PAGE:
Sunday, November 14, 2010


Manhattan, the last of Woody Allen's movies to be made in the seventies, is probably my favorite. It is a gorgeous film to watch. I've probably seen that movie more often than any of his others. But when I watch it, some things bother me about the plot.

The first line of the movie is given by Allen's friend, Yale: "I think the essence of art is to produce a kind of working through-situation so that you can get in touch with feelings you didn't know you had."

What feelings does Woody Allen have? Is there any new ground being covered here?

The plot is basically that Woody Allen is dating a 17 year old girl for reasons unknown. He continually discourages her, which makes you wonder why he started seeing her in the first place. And then his friend introduces him to his mistress played by Diane Keaton. At first she seems to be annoying, snobbish and opinionated. Which makes her a perfect mate for Allen. They start seeing each other. And then things fall apart.

Allen breaks up with the seventeen year old but then Diane Keaton and Yale get back together and Allen regrets having left the seventeen year old and goes after her. I mean, it is really easy to write this off as neuroses. Allen has problems. He likes younger women. We'll see it over and over in the future, not only in his films but real life.

There is this wonderful scene towards the end where he is giving a list of all of the things that make life worth living. And this time around, when I watched it, I picked up on the opening phrase that got him talking about that stuff. He's recording himself, taking notes for a short story idea. And he says that it is about how people invent neuroses to keep themselves from facing life's larger problems. And maybe that is what Woody is doing. But if that is what he is doing, you'd think he'd be cured by now.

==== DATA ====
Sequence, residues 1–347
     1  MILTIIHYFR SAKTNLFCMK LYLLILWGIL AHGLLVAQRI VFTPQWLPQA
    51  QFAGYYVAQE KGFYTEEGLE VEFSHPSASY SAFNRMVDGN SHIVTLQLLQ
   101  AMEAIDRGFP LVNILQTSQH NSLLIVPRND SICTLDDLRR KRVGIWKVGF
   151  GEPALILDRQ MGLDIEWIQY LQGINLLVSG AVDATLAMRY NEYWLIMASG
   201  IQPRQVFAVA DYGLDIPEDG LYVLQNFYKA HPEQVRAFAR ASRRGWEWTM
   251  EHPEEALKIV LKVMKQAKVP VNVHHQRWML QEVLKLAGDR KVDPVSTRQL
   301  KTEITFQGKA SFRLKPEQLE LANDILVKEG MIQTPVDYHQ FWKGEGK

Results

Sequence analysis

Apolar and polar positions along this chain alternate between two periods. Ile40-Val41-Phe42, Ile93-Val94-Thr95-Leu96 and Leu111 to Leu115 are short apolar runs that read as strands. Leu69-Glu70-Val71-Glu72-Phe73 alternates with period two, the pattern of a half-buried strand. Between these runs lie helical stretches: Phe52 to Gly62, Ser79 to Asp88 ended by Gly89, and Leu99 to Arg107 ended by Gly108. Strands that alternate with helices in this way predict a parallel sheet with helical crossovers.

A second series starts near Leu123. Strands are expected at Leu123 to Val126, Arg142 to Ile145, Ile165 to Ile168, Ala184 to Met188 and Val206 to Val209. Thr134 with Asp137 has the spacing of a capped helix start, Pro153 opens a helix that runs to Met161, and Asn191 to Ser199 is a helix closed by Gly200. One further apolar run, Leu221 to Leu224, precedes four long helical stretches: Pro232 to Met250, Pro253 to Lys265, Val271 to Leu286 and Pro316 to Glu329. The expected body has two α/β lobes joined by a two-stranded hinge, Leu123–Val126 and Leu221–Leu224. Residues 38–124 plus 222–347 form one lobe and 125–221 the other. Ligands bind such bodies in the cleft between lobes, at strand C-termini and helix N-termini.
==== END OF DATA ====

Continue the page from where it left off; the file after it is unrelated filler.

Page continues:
Another big scene of the movie takes place a little earlier where he confronts Yale. Yale is accusing Allen of being too perfect, like a saint. But Allen is saying that all he wants is to be thought well of. Which I don't get from him at all. I don't buy that he is a generally moral person and I don't beleive that he does either. He is a hedonist. He thinks with his body and whatever works, to borrow from a later film, he will do to give himself pleasure.

So, having said all of this, why do I like this movie? Or, to take the focus off myself, what is the redeeming quality? I don't know. It's more than just a beautiful film with a great soundtrack. It has something to do with the ending, probably. He's just realized he's ruined a perfectly good relationship and runs (literally) after Mariel Hemingway and when he sees her in the doorway, "She's Not For Me" by Gershwin starts playing. And it is so sad because Allen has started this pattern in his movies where he does not get the girl.

But, he's looking almost straight at the camera when Mariel gives the last line of the movie: "You have to have a little faith in people."

Thursday, November 11, 2010


After Annie Hall, Woody Allen delved even further into the dramatic by getting rid of all humor whatsoever. To achieve this, he's even taken himself out of the picture and painted an internal, drab world of a single family.

The first two and a half minutes are silent, punctuated by the father's words: "I had dropped out of law school when I met Eve [his wife]." And thereafter, changes would be marked by a break of the film's rules. The first external shot occurs after the mother attempts suicide. The first person to wear any kind of color (and it's a bright red) is the father's new lover. And the first sound of music to be heard is after the father remarries. At the end of the movie, after the mother walks into the ocean, the film returns to the beginning. It is silent for almost five minutes, the scenes are indoors and everyone (even the father's new wife) is wearing black.

Woody Allen seems to be at a crossroads. He wants to change and challenge himself. You sense that he is speaking through his characters when they say things like, "These feelings of futility in relation to my work, I mean, just what am I striving to create anyway? To what end? For what purpose? What goal? " and, "I feel a real need to express something, but I don't know what it is I want to express. Or how to express it."

Unfortunately, I don't think this film is the answer. It tries too hard. It is over the top. Everyone is expressing exactly what they are thinking and feeling. Maybe it was cathartic for Allen to make the movie, but it was depressing to watch.